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This article is written by a student writer from the Her Campus at NMSU chapter.

Throughout the years, I have often thought about what my bogeyman is. There had been potential ones, that I thought of at first; a demon clown, the actual bogeyman, a bat-like creature, or a creepy doll that happens to have a serial killer inside it. But whenever I think of those, they just never quite fit. Sure, the stereotypical bogeyman is scary, and a demonic clown is beyond all comprehension of terror. Writing the words “demonic clown” is enough to give me goosebumps alone. But I find myself thinking of a different, more abstract thing when I think of what my bogeyman is. And this is my reasoning behind this decision.

When people think of the real-life bogeyman, Dracula, Lucky the Leprechaun, Bozo the clown, or even Jeepers Creepers, they all have one thing in common. They are physical beings. Sure, the bogeyman and the clown are a little less material, but they are still there. Which means that they can be stopped. Either through some ritual, or just a good old shotgun full of lead, they can eventually be stopped. But here’s the catch. They are monsters. We can see them, and they have a motive. Be it revenge, greed, or just hunger, it is there. The thing that terrifies me more than words can express is darkness. 

Now, when I talk about a fear of darkness I am not talking about nighttime, or just the dark, but true darkness. The kind that devours the human soul, and makes people become the thing that we refer to as monsters. It is a hard concept to define fully. The idea of death comes close in encompassing this, except for the fact that I do not fear death. I do fear the loss of a loved one, be it physically or metaphorically. But even then, loss is natural. Loss becomes more of a resignation more than anything. I feel like the closest thing to describing it is evil mixed with indifference and the total loss of emotion. After all, how is someone supposed to fight that? The most terrifying thought of all is the fact that everyone has the capacity to go there. We all have darkness in us, as much as we have good. Some of the best people in the world have incredible darkness inside them. In fact, I believe that the better one is, the more darkness they could have, and vice versa. I liken it to facing our worst selves. But here’s the thing. Light will never get rid of darkness. A candle may be able to illuminate the dark, but the brighter a place, the stronger the shadows it creates. And, while the light can never extinguish the dark, the darkness can. And that is a terrifying and sobering thought.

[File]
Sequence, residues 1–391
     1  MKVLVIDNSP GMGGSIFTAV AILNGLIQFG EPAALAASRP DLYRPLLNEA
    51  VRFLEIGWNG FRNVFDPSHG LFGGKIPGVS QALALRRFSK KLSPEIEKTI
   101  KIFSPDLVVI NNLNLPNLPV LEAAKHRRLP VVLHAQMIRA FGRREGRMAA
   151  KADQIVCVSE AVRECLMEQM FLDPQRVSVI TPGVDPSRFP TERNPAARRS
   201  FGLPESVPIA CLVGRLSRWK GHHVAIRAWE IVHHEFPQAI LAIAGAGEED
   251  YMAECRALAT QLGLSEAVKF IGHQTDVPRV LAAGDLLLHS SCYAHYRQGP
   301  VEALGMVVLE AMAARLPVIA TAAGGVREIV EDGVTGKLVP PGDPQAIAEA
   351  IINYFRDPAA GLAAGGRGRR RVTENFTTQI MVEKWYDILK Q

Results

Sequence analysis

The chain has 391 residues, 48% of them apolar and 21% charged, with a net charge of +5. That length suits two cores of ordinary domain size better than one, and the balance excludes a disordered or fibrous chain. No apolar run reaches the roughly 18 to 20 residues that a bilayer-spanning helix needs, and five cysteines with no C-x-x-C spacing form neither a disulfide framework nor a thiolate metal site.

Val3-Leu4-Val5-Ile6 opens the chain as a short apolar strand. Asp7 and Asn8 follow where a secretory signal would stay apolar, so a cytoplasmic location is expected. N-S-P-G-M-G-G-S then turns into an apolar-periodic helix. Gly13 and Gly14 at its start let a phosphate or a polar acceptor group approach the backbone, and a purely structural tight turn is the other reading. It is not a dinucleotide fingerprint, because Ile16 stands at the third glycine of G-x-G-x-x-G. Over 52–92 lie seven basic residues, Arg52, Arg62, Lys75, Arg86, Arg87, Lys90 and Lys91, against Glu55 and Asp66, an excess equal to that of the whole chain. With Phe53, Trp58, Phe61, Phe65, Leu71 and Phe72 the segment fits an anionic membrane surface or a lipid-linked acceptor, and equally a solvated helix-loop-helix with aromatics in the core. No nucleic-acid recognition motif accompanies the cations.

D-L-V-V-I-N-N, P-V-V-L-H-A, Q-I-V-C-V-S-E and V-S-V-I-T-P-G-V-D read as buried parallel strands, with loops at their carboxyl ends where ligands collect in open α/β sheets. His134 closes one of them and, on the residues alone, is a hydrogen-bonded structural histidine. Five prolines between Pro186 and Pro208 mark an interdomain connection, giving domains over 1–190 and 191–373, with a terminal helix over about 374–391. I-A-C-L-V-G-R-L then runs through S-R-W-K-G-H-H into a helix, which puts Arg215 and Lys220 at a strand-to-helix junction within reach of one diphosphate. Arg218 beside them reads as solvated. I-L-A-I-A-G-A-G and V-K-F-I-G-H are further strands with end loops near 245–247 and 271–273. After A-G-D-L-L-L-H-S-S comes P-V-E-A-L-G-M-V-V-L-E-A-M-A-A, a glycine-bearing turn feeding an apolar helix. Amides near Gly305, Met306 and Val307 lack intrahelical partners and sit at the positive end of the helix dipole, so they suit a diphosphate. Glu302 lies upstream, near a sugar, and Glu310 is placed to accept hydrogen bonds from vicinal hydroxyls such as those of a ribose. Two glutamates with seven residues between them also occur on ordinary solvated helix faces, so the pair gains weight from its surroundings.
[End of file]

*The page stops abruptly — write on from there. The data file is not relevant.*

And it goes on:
International Business and French double major fascinated by story telling and poodles!